Power lines and railroad tracks bisect the center of an endless valley that feeds upward into a steep mountain range. Cloud cover spreads out over Montana's Big Sky Country for miles, lying heavily across the horizon like a massive grey blanket. An oncoming locomotive's whistle blares as it slowly creeps toward some offscreen destination.
The pristine opening image of Kelly Reichardt's Certain Women is one of dense overlap between civilization and nature, a perfect foreshadowing for the small but powerful human entanglements to follow. Epic quiet and manifest destiny have long lived in contentious harmony in this snowy region, which is a far cry visually from the rain-drenched Cascade Mountains of Reichardt's Old Joy . Three loosely connected stories—based on the writings of Maile Meloy—unfold at a measured pace, focusing on women approaching specific junctures in life.
In the film's opening segment, civil attorney Laura Wells (Laura Dern) deals with an unruly client named Fuller (Jared Harris) who refuses to accept the reality that his workers compensation claim against a negligent contractor has no further legal footing. While the tension from this conflict threatens to spell tragedy, Reichardt allows for a comedic undercurrent that brilliantly lightens the mood.
Michelle Williams' Gina, a perpetually unhappy wife/mother, dominates the second section emanating an untapped well of contempt whenever in the presence of another human being. It's difficult to watch as she smiles through a tough negotiation with elderly Albert (Rene Auberjonois) over a pile of discarded sandstone, her husband Ryan (James LeGros) doing everything he can to avoid the discomfort of confrontation.
Lily Gladstone's sublime presence gives Certain Women 's final third a next-level gravity. As Jamie, the lonely hardworking farm hand who falls for Kristen Stewart's exhausted law student, she exudes a sense of real-world pragmatism that butts up against the desire of romantic emotion and passionate chivalry.
Traditional gender roles are challenged in the calmest of ways, be it through offhand observations or gestures that signify an ocean of subtext. During Laura's conversations with Fuller she must become a figure of authority and empathy almost simultaneously. Reichardt's appreciation for silence resonates most in the moment Gina walks along the banks of a small river, or when Jamie rides a horse down main street through the darkness like a reimagined Western hero. There are many ways to be alone.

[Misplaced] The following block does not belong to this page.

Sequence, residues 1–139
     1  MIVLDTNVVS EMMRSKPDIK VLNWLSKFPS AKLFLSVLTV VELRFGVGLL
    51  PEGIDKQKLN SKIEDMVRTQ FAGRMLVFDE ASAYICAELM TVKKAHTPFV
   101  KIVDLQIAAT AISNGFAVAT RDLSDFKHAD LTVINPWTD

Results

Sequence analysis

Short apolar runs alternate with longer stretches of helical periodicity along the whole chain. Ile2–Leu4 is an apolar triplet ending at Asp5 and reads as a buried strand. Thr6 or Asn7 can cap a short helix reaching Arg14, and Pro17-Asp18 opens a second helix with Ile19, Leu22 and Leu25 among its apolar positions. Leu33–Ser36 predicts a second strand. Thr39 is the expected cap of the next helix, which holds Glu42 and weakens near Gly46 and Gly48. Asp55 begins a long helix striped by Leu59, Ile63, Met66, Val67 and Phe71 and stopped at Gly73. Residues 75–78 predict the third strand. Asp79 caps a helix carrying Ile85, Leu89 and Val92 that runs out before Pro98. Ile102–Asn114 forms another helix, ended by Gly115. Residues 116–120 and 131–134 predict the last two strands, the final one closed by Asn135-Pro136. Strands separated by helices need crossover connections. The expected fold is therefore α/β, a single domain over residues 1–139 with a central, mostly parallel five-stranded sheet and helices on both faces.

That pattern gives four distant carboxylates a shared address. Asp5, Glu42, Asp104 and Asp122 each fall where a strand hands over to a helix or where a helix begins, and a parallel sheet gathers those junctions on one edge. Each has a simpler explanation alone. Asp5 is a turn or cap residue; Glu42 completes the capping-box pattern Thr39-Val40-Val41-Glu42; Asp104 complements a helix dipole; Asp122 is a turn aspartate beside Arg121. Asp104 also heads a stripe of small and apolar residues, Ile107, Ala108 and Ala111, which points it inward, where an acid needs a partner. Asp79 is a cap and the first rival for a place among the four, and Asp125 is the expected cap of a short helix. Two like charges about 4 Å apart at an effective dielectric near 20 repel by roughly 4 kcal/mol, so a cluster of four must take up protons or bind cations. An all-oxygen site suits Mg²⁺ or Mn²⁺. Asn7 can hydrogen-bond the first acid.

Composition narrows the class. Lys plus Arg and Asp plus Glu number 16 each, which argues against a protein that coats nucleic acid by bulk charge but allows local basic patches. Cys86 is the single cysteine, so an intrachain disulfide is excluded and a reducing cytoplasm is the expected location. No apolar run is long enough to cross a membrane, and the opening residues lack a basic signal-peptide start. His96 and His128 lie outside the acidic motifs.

Certain Women makes it a point to look at the process of experience rather than achieving an end result. Compare and contrast how all three lead characters approach conversations about the future and you'll see a panorama of beautifully contradictory viewpoints formed by upbringing, temperament and ambition. Reichardt merges them into a modern rustic tableau, tender and honest in its depiction of flawed individuals trying to make rural life their own in the modern age.
What matters most is how one experiences the seemingly innocuous moments in between events. Do we cherish or dread them? Do we take the time to think about how they could potentially change our view of the world? These are questions Reichardt has asked before in her films, albeit through the tautness created by discomforting absence ( Wendy and Lucy ) and survival ( Meek's Cutoff , Night Moves ).
Certain Women , opening Friday, Oct. 21, at Landmark Hillcrest Cinemas, approaches such ideas in a slightly more ambiguous way. As we watch Laura, Gina and Jaime watch the world, a symbiotic relationship forms based on mutual association and past experience. This collection of knowledge adds up to something more profound even when we can't pinpoint exactly why. Reichardt's latest might be undeniably sad at times, but it's also devoid of self-pity and apathy. Every bit contains wisdom that stretches as far as the eye can see.